A new state law that went into effect in January ensures that mothers have a right to breastfeed their children in public, without harassment or discrimination. But that doesn't mean everyone knows about or understands the new law, as a recent, much-covered case proves.
On June 19, a Belchertown woman traveling on a PVTA bus in Amherst was twice asked by the driver to stop breastfeeding her daughter—a clear violation of the law. As word spread about the case, PVTA officials and the driver apologized to the mother, and the transit authority publicly committed to making sure its drivers are informed about the law.
That quick response seems prompted at least in part by pressure exerted by Pioneer Valley MomsRising, the political arm of the Amherst-based advocacy group MotherWoman. MomsRising (which recently launched a campaign to get local hospitals to strengthen their breastfeeding support services; see "Going Baby Friendly," May 14, 2009) promptly informed supporters of the incident and asked them to contact the PVTA. Meanwhile, a MomsRising staffer joined the mom in approaching the driver when the bus returned to downtown Amherst on its next loop. MomsRising also sent a letter to the PVTA asking for management to meet with the mother and a lactation consultant to discuss the incident.
That's all part of a protocol MomsRising has established as the "go-to" group for women whose right to breastfeed in public has been violated, explained Melanie DeSilva, executive director of MotherWoman. The group takes a two-pronged approach: first, it advocates for the mom, providing support, making sure she knows her legal rights, even helping her file a complaint with the Mass. Commission Against Discrimination, if she desires. MomsRising also offers to work with the business, for free, to help it develop appropriate breastfeeding policies and employee training, to make sure similar incidents don't happen in the future.
While the PVTA has issued apologies and publicly stated its plans for employee training, as of last Friday, MomsRising was still waiting for a direct response from the transit authority. MomsRising would like to meet with PVTA officials to discuss plans for ongoing driver education, DeSilva said. MomsRising would also like the PVTA to display "breastfeeding-friendly" signs on its buses.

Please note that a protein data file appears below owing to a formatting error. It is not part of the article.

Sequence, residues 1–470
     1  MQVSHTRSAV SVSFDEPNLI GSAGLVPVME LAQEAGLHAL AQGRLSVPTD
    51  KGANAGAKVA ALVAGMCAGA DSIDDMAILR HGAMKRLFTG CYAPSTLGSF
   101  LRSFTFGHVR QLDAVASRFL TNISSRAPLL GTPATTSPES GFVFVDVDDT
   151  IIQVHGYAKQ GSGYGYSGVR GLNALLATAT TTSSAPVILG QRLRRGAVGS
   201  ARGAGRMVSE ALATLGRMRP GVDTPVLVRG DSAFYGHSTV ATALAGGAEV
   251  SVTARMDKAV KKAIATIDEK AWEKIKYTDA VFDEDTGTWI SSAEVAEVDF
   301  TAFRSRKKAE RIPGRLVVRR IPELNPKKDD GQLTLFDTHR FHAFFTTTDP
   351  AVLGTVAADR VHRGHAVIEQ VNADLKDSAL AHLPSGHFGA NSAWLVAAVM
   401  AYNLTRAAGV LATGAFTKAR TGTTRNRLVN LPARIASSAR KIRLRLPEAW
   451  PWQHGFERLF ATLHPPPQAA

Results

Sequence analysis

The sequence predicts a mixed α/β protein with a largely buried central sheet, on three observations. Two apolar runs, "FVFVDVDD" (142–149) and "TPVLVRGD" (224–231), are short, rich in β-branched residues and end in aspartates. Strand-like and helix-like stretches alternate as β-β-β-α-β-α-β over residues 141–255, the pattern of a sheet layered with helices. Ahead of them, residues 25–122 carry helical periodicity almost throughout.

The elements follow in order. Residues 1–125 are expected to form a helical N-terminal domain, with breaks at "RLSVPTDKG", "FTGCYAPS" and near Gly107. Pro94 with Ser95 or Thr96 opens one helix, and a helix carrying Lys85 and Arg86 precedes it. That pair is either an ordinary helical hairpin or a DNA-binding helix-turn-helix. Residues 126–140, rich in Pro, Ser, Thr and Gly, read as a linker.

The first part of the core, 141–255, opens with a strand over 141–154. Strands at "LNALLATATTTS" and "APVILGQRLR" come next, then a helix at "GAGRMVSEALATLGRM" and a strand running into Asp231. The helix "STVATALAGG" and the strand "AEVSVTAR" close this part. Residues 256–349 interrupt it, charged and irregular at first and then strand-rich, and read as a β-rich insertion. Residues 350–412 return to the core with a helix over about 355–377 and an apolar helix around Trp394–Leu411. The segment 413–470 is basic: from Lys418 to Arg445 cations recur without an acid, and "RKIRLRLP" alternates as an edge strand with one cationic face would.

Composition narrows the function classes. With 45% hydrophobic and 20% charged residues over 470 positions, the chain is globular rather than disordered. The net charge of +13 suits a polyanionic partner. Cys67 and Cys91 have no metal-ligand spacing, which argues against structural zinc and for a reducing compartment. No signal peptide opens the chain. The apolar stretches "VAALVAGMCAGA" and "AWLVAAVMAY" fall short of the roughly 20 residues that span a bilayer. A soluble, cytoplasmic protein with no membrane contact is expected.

Before the new law took effect this spring, Massachusetts was one of just a handful of states that offered breastfeeding moms no legal protection. That didn't mean that scores of Massachusetts moms were being hauled away in paddy wagons on indecent exposure charges for nursing their babies in mall food courts. Public breastfeeding wasn't illegal; it just wasn't legally protected. But it did mean mothers could find themselves in the uncomfortable position of having a restaurant manager or department store clerk tell them to stop feeding their child, or even ask them to leave the business.
The law, which came after years of hard work by activists, allows a woman to breastfeed in any public place except places of worship (an unfortunate exception that, intentionally or not, plays to the idea that there's something obscene about breastfeeding). It also allows a woman (or the Attorney General) to bring a civil action against anyone who harasses her or tries to prevent her from breastfeeding in public. If a court finds the woman's rights have been violated, she could receive damages of up to $500, as well as her attorney costs.
DeSilva encourages women whose breastfeeding rights have been violated to contact MomsRising at (413) 253-8990, or by email at email@example.com. MomsRising holds regular meetings, open to the public, on the fourth Thursday of every month at the MotherWoman office at 96 North Pleasant St., Amherst. In addition, the Pioneer Valley Breastfeeding Task Force (http://www.valleybreastfeeding.org) offers free business cards, printed with the text of the law, that moms can carry to give to anyone who gives them a hard time for nursing in public.